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MAC Tools announced five new automotive specialty tools recently, including the hammer you see pictured above, which they claim is designed specifically for coaxing auto interiors into place. At first glance, it looks pretty much like the rubber mallet Sean and I have used for years for the same purpose. And honestly, that’s pretty much what it is… with two slight differences. First, the handle is a little longer and more grippy than most of the mallets I keep around the shop, and second, MAC added a third rubber tip on the end of the handle.

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We recently managed to lose the key to our favorite Foose toolkit. It’s happened to countless people over the years and is most likely very annoying to mechanics should this ever happen to them. So we decided to see how good Mac’s support really was and called to get a new key for our box.

To begin with we called the Mac support line 800.622.8665. Of course it was Friday evening and the call center was closed until Monday. As instructed by the voicemail system, we waited until the appointed 8am — 6pm Eastern time on Monday and called again.

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Automotive electrical work.

How many people ran for cover? Even among tech-savvy Toolmongers, electrical work can be a big, hairy monster, partially due to the confusing nature of electrical diagnosis, and partially due to the wide variety of tools needed to do the work properly. Fortunately, one of the most common styles is pretty cheap.

Mac Tools retails a crimper designed to properly attach Weatherpack connectors, but there’s a nice bonus. Many different terminals can be secured with this crimper, even if they aren’t designed for it. Deutsch and Yazaki terminals work nicely in Weatherpack jaws, which isn’t a bad trifecta for $35. Unless you’re a pretty neurotic type-A personality, this will do nicely for occasional repairs. Anyone who’s used one of these before will probably note that this plier-style crimper isn’t as precise as a torque-sensing type, but careful use will navigate nicely around those issues.

Weatherpack Crimper [Mac Tools]

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For every nut, bolt, and fastener on your car or truck, the factory probably recommends a specific amount of torque to tighten it down to.  Mac makes two models of adjustable 1/4″ torque screwdrivers — the TSM4-22 and the TSM16-88 — that measure torque from 4 to 22 in./lbs and from 16 to 88 in./lbs respectively.  With these little guys you can torque down even delicate fasteners without winging it.

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Mac Tools, embracing its role as a NASCAR sponsor, just released a limited-edition Hendrick Motorsports tool box set with racing logos and graphics on the door lids. The set consists of a cart and an MB1000A base box with a newly configured top hutch for added storage — they both feature Casey Mears in the No. 5 Carquest/Kellogg’s Chevrolet; Jeff Gordon in the No. 24 DuPont Chevrolet; and Dale Earnhardt Jr. in the No. 88 AMP/National Guard Chevrolet.

For the diehard NASCAR fan, this is hotness on casters.  But if you just want a sturdy place to keep your tools, or if you’re satisfied with the current setup in your shop that already has 300 logo stickers plastered all over it — you might feel the need to skip this one.  If not, you can call it in and have a truck drop it right at your shop’s door.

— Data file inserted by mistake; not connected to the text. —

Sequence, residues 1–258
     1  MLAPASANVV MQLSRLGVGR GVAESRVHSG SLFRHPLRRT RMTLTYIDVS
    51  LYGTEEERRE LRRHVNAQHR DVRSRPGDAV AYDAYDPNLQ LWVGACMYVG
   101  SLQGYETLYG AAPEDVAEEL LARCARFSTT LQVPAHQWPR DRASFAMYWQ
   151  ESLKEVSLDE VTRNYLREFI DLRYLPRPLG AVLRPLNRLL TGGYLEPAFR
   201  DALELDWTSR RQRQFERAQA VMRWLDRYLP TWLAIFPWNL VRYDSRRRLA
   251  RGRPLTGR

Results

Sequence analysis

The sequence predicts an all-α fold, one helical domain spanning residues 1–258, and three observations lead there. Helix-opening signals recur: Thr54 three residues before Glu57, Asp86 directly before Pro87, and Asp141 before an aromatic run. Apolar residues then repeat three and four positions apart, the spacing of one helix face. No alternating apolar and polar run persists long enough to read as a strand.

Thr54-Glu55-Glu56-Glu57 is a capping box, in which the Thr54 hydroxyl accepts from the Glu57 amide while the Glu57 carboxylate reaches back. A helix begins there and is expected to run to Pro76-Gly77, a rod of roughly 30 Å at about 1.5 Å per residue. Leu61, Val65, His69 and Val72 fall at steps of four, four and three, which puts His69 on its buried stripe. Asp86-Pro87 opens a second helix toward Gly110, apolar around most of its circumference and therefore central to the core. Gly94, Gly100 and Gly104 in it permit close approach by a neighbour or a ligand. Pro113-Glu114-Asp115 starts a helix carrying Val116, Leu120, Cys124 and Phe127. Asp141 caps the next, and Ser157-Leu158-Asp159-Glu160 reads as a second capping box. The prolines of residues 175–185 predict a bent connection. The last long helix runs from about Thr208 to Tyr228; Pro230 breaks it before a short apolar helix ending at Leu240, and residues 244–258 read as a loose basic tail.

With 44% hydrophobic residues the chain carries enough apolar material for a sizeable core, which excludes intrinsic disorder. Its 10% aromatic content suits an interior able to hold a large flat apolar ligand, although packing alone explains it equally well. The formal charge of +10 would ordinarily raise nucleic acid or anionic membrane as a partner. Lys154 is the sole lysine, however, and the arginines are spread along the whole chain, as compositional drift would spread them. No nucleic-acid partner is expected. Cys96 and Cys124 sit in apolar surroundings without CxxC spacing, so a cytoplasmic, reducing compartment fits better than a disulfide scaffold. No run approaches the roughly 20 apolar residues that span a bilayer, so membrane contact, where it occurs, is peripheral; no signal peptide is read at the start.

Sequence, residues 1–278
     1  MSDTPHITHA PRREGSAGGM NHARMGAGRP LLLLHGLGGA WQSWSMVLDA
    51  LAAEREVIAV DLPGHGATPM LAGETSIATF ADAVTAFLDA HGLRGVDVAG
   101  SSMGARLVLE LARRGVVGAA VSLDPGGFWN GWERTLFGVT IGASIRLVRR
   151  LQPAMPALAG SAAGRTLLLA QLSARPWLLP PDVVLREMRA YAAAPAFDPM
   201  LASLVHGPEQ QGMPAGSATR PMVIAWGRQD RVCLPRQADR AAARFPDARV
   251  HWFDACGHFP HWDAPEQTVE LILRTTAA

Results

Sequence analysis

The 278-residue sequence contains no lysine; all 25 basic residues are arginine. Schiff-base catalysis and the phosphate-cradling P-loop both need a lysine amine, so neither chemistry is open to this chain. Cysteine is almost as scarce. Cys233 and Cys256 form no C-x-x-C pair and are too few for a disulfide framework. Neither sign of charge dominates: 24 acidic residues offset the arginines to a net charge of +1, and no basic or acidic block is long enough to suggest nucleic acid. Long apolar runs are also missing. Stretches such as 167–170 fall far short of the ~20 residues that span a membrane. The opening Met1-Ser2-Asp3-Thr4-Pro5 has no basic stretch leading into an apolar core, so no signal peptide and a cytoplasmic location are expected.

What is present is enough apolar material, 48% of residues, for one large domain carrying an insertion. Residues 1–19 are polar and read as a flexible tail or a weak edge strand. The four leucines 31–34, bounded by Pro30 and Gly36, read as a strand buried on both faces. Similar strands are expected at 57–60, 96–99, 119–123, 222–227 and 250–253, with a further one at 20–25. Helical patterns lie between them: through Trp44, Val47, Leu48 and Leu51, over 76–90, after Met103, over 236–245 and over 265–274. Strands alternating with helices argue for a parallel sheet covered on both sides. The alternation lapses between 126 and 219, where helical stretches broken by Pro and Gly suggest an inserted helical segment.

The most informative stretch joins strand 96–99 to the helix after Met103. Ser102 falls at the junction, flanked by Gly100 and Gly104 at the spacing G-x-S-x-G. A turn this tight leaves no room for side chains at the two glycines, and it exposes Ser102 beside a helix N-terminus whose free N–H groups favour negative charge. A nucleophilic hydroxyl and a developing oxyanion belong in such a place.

Mac Tools [Corporate Site]


When you don’t want to lug your entire toolbox out of the garage just to work on your neighbor’s lawnmower, you need something like the Macsimizer Utility Cart from MAC. It features a deep well up top for sockets and a tray up top that slides open for more tool access — plus three drawers, screwdriver storage, and space on the bottom for bigger items.

I loaded up my cart with screwdrivers, sockets, wrenches, my most-used air tools, and some other miscellaneous stuff — which means that anytime I want to work on something outdoors, I just wheel out the cart and get after it.

For pricing, you’ll need to visit your local MAC distributor. Or, if you don’t want to pay MAC prices, there are cheap-ass alternatives.

Macsimizer Utility Cart [Mac Tools]


Auto techs who’ve heard the above from customers, rejoice! This week Mac Tools announced a car data recorder that plugs into vehicles’ OBDII data plug and records the entire OBDII data set in a continuous 24-hour loop. Jack this sucker in, send the customer out for a drive, and when they come back you’ve got software access to everything the car knows about the issue.

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MAC Tools is partnering with Challenger Lifts to produce a range of “professional grade” two-post lifts priced just right for newly-opening shops — and low enough to tempt even an amateur like me.

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It can happen to the best of us: one moment of inattention results in a cross-threaded spark plug hole. You can either install a helicoil and hope for the best, or send it out to have the whole shebang re-tapped. Now you have another option. The Back-Tap can fix that cross-threaded hole from the inside — without pulling the head.

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Body workers know that there are two kinds of dollies: one kind has wheels and moves boxes and the other kind moves sheet metal.  Mac’s new multi-dolly is the latter type, and offers three different faces — adding up to many various curves — in a compact hand-held package.

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